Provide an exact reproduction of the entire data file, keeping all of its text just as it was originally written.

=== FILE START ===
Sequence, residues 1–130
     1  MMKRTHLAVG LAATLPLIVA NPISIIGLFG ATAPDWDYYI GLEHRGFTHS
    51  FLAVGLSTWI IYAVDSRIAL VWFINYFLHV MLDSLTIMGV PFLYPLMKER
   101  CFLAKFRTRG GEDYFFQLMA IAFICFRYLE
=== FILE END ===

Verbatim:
Sequence, residues 1–130
     1  MMKRTHLAVG LAATLPLIVA NPISIIGLFG ATAPDWDYYI GLEHRGFTHS
    51  FLAVGLSTWI IYAVDSRIAL VWFINYFLHV MLDSLTIMGV PFLYPLMKER
   101  CFLAKFRTRG GEDYFFQLMA IAFICFRYLE